The Efficacy of Body-Oriented Yoga in Mental Disorders
A Systematic Review and Meta-Analysis
; ; ;
Background: The efficacy of body-oriented yoga in the treatment of mental disorders has been investigated in numerous studies. This article is a systematic review and meta-analysis of the relevant publications.
Methods: All studies in which the efficacy of hatha-yoga, i.e., body-oriented yoga with asanas and pranayama, was studied in adult patients suffering from a mental disorder (as diagnosed by ICD or DSM criteria) were included in the analysis. The primary endpoint was disorder-specific symptom severity. The publications were identified by a systematic search in the PubMed, Web of Science, PsycINFO and ProQuest databases, supplemented by a search with the Google Scholar search engine and a manual search in the reference lists of meta-analyses and primary studies, as well as in specialized journals.
Results: 25 studies with a total of 1339 patients were included in the analysis. A large and significant effect of yoga was seen with respect to the primary endpoint (symptom severity) (Hedges’ g = 0.91; 95% confidence interval [0.55; 1.28]; number needed to treat [NNT]: 2.03), with substantial heterogeneity (I2 = 69.8%) compared to untreated control groups. Small but significant effects of yoga were also seen in comparison with attention control (g = 0.39; [0.04; 0.73]; NNT: 4.55) and physical exercise (g = 0.30; [0.01; 0.59]; NNT: 5.75); no difference in efficacy was found between yoga and standard psychotherapy (g = 0.08; [−0.24; 0,40]; NNT: 21.89). In view of the relatively high risk of bias, these findings should be interpreted with caution.
Conclusion: Body-oriented yoga with asanas and pranayama as central components is a promising complementary treatment for mental disorders and should be investigated in further high-quality studies.
Some 2.6 million people in Germany practice yoga. The main reasons for this are improved physical and mental wellbeing (e1). The different types or forms of yoga have in common the fundamental principle of asanas (body posture) and pranayama (breathing techniques); dhyana (meditation) and relaxation are also often components of yoga (e2).
The form of yoga that is practiced most commonly outside India is hatha yoga, a body-oriented variant that includes mostly asanas, pranayama, and dhyana. The different body postures, controlled breathing/breathing exercises, and meditation aim to harmonize a person’s mental and physical state (e3). The first objective is to relax the body before controlling the five senses and reduce mental activity (e4). Consequently, yoga ranges among the “mind-body interventions,” which are based on the idea that physiological states affect emotions, thoughts, and attitudes (e5).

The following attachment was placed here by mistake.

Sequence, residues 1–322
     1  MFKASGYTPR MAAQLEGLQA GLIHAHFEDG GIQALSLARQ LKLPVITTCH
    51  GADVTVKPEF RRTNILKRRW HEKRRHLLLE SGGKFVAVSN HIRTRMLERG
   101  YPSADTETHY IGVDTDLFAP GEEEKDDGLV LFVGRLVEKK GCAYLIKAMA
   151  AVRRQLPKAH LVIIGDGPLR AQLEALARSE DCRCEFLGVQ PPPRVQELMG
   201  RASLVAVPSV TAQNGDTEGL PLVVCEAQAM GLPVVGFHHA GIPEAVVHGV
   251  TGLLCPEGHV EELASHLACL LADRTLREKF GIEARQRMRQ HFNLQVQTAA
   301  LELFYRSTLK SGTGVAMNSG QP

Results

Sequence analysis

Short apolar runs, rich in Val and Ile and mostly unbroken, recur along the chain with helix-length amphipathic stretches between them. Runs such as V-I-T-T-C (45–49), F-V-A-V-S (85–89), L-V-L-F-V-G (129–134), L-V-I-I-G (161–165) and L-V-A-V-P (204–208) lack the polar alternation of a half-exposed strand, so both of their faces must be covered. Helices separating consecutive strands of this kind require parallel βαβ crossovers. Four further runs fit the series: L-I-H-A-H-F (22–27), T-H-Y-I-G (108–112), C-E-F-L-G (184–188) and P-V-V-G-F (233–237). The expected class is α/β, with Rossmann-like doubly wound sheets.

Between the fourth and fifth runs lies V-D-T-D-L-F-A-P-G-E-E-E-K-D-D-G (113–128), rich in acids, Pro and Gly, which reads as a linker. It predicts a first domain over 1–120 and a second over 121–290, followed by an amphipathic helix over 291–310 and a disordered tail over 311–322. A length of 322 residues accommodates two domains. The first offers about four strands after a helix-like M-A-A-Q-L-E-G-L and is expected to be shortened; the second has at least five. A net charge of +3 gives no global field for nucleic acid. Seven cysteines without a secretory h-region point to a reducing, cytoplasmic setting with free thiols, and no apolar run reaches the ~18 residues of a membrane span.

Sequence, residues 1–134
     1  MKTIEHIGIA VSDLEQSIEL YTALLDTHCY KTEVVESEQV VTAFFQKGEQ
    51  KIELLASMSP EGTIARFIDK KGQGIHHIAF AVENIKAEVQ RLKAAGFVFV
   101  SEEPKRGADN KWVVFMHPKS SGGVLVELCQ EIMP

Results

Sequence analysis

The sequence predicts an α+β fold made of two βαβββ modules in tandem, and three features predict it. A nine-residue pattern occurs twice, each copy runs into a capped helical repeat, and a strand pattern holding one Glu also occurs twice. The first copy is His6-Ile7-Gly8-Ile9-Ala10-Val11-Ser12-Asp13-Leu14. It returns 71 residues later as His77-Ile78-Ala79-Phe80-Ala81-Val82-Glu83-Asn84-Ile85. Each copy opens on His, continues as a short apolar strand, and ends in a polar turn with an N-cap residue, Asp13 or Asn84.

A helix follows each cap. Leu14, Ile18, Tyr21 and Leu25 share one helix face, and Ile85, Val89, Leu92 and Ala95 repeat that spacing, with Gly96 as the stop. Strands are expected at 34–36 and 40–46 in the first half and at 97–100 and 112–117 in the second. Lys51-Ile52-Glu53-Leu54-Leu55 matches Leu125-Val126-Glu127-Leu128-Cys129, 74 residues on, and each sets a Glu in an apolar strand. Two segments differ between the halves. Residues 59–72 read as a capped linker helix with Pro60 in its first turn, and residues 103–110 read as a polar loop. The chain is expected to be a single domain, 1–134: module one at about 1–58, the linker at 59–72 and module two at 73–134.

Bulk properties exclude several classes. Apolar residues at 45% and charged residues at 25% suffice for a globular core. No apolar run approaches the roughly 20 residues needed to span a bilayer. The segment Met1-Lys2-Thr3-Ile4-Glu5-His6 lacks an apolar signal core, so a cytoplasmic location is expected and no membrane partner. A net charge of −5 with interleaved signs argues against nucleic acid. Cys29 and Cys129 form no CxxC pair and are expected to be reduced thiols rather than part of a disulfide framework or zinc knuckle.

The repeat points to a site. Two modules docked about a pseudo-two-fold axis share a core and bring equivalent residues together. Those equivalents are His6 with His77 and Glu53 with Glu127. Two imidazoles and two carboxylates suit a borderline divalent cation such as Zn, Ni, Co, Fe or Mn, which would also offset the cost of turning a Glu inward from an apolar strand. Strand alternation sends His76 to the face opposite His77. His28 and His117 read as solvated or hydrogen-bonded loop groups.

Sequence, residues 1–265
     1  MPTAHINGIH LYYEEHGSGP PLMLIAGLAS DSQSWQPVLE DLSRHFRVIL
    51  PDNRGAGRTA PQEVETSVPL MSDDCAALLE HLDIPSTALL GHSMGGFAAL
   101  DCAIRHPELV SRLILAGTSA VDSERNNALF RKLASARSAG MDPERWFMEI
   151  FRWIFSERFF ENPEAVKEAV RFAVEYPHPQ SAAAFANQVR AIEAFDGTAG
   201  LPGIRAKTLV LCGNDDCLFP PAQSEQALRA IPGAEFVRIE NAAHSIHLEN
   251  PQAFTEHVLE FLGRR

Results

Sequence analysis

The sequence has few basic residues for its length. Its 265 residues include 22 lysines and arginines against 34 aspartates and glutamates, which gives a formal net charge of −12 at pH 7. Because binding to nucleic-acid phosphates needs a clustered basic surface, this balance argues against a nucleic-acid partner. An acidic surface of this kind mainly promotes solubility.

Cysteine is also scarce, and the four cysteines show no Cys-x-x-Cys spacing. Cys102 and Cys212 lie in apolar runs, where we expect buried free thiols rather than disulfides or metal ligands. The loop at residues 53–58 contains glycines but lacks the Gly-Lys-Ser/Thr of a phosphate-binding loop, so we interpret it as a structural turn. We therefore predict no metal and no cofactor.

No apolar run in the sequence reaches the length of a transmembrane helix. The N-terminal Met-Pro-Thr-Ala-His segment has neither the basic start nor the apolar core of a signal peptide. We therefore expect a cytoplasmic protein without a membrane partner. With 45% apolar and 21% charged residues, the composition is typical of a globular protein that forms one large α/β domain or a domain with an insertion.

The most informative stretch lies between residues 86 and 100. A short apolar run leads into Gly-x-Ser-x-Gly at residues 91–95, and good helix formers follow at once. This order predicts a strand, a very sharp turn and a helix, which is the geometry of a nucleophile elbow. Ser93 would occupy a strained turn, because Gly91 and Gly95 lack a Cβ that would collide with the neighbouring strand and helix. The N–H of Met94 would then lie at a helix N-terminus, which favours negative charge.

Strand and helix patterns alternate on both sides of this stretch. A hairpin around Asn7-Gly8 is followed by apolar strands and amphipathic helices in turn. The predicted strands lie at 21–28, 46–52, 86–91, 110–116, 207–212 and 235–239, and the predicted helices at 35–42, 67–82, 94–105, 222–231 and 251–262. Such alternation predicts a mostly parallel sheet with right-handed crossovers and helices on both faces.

Yoga has been described as a promising interventional approach in treating mental disorders (1–3). One of its advantages lies in the fact that it is an easily accessible therapeutic approach that has become widely accepted (e1). Furthermore, numerous additional benefits are being discussed for yoga in the treatment of mental disorders. In addition to the relatively low costs associated with yoga as a group activity, yoga is associated with hardly any risks nor side effects compared with pharmacological treatment (4). Yoga exercises can be easily integrated into everyday life (5) and therefore possibly contribute to preventing relapses (6).
The effects of yoga on the endocrine system, the nervous system, and physical health are well documented. Lower cortisol concentrations and raised concentrations of serotonin and melatonin after regular yoga have been shown empirically, as has a reduction in pro-inflammatory cytokines (7). Increased satisfaction, self-confidence, and improved self-control after yoga are associated with a lower degree of perceived stress and a higher degree of wellbeing (7).
Some of the fundamental ideas and elements underlying yoga are now also applied in the concept of mind-body medicine in treating physical illness (e6) or in the context of psychotherapy. Approaches such as mindfulness-based stress reduction (MBSR) or acceptance and commitment therapy (ACT) have been developed accordingly (e7).
Several systematic reviews and meta-analyses analyzed the efficacy of yoga in treating mental disorders (1, 8–12), the results are summarized in eTable 1. The meta-analyses reported promising findings and mostly concluded that yoga is effective in treating different mental disorders in regard to diverse disorder-specific outcome measures. Only a meta-analysis of data from schizophrenia patients (10) found no significant effects on symptom-related endpoints, only on quality of life.
In evaluating the available evidence from meta-analyses it needs to be borne in mind that differential effects of yoga have thus far barely been investigated in the treatment of mental disorders. Meta-analyses across mental disorders have not yielded any data; in the disorder-specific analyses, the small number of included studies makes subgroup analyses impossible.
The present article aims to investigate the efficacy of body-oriented yoga in treating mental disorders and to study possible factors of influence. To this end, we conducted a systematic review and meta-analysis of randomized controlled studies.